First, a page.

Kids groan the discomfort of wearing masks but warn ‘COVID can give you tummy aches’

LISTEN TO THEM: Clockwise from top left: Trinity Bosley of Hanover, Maryland; Natalie Ava Habana and brother Julian Bayani, of Emerson, New Jersey; and  Zed Payumo of New York City.

By Cristina DC Pastor

Kids say the darndest things; they also dispense the wisest advice.

Zed Alexander Payumo, 7, stressed the importance of wearing a mask because “COVID can make you sick and give you tummy aches.”

A second grader at Success Academy Hudson Yards, Zed, however, is a little bummed that people have to wear masks because “I can’t remember them.” He meant people he is meeting for the first time and whose faces are half-shielded. “But if I come to their house, I can remember them.”

If you work the cash register at a cafe, he admonished, “You should wear a mask.”

Zed’s parents Augee Francisco and Joey Payumo own the very popular coffee shop Kabisera in Lower Manhattan. He said, “Take your mask at home after the restaurant. Or just stay home when they don’t deliver your masks. Wait till they deliver your masks.”

He believes doctors and scientists can “get rid” of COVID “with a plan.”  He meant the vaccine. “If it works, they will test it on people.” He can’t wait for the pandemic to be over so he doesn’t have to keep his face covered most times.

Recognizing that the pandemic has been “stressful to many,” the Centers for Disease Control and Prevention has recommended that children 2 years and older wear masks. They should be worn in public or around people who are not members of the same household.

Natalie Ava Habana, 7, a second grader at Memorial School in Emerson, New Jersey, thinks people who wear masks “voted for Joe Biden.” She insists that people wear them for the sake of safety. Younger brother Julian Bayani, 5, who goes to the same school, puts it starkly: “Wear a mask so you don’t die.”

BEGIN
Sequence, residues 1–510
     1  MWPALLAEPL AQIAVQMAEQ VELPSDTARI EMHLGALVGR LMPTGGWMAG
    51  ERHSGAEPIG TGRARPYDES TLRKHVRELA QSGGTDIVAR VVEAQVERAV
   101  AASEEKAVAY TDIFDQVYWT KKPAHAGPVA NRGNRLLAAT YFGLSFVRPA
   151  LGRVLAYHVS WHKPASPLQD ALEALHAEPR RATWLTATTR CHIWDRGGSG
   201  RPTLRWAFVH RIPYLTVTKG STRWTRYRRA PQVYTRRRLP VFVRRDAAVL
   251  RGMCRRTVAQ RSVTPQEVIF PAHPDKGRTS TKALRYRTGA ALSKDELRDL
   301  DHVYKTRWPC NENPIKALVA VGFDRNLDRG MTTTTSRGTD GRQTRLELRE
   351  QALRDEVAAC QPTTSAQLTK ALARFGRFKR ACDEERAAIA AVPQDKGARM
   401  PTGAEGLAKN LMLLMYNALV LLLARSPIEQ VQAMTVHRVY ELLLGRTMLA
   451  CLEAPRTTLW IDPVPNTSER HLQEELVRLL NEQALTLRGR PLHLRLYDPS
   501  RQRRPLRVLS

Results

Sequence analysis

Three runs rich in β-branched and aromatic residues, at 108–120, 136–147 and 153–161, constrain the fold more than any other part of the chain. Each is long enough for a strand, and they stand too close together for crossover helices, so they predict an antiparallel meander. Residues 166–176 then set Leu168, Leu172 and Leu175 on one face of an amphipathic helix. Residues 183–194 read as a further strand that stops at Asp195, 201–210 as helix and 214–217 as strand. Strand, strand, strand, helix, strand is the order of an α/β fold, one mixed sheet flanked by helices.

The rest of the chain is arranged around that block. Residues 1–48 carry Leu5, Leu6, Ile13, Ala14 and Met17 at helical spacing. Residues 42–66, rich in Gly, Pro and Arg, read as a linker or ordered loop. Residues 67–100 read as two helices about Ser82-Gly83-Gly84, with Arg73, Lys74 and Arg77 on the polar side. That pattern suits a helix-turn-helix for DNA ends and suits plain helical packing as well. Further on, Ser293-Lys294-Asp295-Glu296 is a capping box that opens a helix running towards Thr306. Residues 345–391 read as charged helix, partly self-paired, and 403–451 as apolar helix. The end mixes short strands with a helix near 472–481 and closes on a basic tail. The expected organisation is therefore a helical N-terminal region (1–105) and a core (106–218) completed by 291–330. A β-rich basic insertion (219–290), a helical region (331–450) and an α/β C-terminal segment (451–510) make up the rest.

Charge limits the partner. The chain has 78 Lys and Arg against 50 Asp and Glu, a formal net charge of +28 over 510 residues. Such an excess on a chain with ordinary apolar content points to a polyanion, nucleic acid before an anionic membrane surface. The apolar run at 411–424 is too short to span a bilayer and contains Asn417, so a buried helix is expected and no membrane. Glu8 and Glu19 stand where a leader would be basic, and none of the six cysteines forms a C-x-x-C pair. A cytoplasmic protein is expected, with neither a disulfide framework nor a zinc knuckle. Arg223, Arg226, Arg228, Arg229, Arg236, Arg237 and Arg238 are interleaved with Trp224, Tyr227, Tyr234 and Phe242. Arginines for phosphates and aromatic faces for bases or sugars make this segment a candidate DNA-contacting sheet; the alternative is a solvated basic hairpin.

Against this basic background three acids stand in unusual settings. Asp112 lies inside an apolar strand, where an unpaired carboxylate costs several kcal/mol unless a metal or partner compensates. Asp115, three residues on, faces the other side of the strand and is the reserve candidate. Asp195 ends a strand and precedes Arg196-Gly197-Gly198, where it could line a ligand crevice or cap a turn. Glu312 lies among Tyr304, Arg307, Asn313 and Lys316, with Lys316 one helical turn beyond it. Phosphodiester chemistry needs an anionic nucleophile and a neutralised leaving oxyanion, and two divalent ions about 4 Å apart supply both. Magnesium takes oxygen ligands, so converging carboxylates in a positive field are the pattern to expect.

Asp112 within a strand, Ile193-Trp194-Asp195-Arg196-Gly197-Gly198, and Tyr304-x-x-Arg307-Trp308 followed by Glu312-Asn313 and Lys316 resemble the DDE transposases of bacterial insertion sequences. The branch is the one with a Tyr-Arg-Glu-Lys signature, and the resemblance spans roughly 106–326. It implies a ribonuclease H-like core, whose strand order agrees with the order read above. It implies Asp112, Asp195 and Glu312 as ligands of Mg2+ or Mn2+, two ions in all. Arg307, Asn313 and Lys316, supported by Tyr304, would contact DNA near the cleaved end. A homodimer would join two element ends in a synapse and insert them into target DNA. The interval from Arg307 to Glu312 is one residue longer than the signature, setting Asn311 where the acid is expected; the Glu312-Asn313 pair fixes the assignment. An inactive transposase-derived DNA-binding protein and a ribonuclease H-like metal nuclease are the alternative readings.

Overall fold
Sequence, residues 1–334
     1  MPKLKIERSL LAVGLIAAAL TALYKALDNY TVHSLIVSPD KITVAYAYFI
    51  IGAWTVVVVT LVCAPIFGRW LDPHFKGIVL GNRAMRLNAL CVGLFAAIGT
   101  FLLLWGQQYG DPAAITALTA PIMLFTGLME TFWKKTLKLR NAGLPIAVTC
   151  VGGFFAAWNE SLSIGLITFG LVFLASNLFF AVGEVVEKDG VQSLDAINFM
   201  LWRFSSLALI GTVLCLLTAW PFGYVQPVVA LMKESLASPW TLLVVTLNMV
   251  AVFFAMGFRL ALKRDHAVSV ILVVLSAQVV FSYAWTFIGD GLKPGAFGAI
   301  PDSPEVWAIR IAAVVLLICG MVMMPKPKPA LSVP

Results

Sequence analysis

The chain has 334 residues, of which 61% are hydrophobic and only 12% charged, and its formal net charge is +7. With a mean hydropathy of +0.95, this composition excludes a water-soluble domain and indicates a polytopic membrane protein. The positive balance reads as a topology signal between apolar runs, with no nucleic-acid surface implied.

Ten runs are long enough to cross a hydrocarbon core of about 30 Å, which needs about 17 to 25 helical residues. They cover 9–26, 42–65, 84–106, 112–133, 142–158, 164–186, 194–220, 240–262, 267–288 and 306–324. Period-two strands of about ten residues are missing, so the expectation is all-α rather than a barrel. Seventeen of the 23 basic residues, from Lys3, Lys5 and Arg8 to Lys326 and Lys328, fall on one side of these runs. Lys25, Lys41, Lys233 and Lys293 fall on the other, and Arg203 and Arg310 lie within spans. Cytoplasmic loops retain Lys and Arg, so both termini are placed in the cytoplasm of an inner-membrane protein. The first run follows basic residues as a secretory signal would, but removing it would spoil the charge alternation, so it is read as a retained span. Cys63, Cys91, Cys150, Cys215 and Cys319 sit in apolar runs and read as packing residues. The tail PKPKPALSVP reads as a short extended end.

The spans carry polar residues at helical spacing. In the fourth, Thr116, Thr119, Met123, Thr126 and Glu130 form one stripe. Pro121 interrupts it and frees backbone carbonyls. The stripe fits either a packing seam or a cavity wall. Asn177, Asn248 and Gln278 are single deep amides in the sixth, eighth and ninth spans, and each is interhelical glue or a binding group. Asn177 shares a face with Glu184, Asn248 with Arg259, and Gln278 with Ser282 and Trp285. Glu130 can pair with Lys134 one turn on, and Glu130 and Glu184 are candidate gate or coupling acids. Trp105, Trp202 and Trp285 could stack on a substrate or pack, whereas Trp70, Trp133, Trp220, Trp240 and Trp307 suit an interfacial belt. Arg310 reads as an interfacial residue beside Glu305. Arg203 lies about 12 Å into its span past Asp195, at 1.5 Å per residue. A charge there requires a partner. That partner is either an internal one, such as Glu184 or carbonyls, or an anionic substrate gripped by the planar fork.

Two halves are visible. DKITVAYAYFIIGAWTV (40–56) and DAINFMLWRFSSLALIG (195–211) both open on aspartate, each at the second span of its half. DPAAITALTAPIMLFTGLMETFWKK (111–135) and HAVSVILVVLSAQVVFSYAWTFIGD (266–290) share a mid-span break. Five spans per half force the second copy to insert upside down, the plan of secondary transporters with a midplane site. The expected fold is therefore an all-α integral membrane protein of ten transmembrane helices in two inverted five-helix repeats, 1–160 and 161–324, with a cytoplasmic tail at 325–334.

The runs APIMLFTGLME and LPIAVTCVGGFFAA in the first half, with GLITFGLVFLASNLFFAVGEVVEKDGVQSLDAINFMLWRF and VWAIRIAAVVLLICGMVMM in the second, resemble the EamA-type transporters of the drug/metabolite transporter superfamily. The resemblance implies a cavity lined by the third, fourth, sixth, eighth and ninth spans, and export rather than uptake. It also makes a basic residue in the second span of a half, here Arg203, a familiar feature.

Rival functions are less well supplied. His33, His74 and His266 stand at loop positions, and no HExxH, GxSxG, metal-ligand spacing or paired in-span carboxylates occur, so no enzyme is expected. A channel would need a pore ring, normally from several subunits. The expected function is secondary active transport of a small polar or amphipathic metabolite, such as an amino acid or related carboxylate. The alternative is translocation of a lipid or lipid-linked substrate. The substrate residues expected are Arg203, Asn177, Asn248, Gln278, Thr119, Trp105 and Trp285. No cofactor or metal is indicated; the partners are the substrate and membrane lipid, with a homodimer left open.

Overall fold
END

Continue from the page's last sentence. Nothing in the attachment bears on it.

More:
Both children of Venessa Manzano and Mark Habana swear to wearing masks although they’re too young to be Biden voters. When kids listen to reason at home and in school, chances are they understand the science behind washing one’s hands and avoiding packed crowds to keep the virus from spreading and sending people to hospitals.  

The Habana siblings, together with elder brother Xavier Laurence, understand the word “quarantine” and why they take classes in front of a computer. The family has been rediscovering the joys of just being together baking Cookie Monsters and playing card games.

Trinity Hope Bosley  of Hanover, Maryland thinks masks “look good” on people. Although she has complained to her parents Michael Dwain Bosley and Imelda Antoc-Bosley that masks make it hard for her to breathe sometimes, she makes it a point to wear one when the family goes out.

“I can’t really breathe when I’m wearing a mask. That’s why sometimes I put it down a little bit so I can breathe some air,” said the 6-year-old student of Liberty University in Lynchburg, Virginia

Trinity – who loves skating, reading books, and competing in beauty contests — thinks people are “being careful” when they go out, faces covered. And what about those who refuse?  “They are so ‘bastos’ and they’ll get sick.”

She prays that “Papa God will make the Coronavirus go away.”

© The FilAm 2020

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